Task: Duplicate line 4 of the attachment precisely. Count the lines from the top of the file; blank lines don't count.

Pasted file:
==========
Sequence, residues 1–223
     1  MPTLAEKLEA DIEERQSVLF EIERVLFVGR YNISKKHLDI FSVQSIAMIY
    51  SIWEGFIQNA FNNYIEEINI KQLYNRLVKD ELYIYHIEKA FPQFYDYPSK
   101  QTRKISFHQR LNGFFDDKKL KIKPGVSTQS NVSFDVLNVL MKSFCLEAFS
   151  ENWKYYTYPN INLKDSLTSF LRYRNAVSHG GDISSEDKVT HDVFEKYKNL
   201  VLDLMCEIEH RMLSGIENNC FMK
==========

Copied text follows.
   101  QTRKISFHQR LNGFFDDKKL KIKPGVSTQS NVSFDVLNVL MKSFCLEAFS